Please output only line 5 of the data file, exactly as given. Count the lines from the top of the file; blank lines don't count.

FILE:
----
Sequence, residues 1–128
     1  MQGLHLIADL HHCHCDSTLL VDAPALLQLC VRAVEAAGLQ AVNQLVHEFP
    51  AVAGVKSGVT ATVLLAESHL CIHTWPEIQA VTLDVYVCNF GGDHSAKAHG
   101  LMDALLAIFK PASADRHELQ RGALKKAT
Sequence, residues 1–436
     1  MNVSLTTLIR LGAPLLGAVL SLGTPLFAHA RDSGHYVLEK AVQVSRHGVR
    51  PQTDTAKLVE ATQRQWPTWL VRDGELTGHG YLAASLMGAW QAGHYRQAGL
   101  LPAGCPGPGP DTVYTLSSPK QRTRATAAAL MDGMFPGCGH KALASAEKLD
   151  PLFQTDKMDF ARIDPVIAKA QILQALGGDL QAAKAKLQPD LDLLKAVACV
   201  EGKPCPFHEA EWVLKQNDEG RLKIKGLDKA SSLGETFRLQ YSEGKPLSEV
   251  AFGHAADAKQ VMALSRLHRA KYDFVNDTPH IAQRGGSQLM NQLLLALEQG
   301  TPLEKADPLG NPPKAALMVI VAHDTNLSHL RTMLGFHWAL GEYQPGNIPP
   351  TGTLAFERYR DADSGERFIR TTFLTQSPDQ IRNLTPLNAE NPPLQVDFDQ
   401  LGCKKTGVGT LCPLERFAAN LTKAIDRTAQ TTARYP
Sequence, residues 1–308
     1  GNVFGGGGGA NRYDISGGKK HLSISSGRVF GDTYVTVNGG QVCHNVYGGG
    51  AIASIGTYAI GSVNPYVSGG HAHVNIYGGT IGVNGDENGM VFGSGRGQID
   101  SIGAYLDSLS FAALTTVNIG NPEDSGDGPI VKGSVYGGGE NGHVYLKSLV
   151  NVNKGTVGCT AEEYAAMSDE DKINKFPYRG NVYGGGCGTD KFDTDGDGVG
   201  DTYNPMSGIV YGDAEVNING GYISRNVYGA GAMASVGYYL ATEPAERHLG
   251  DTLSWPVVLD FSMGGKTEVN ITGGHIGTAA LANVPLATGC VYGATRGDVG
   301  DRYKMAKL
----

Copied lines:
Sequence, residues 1–436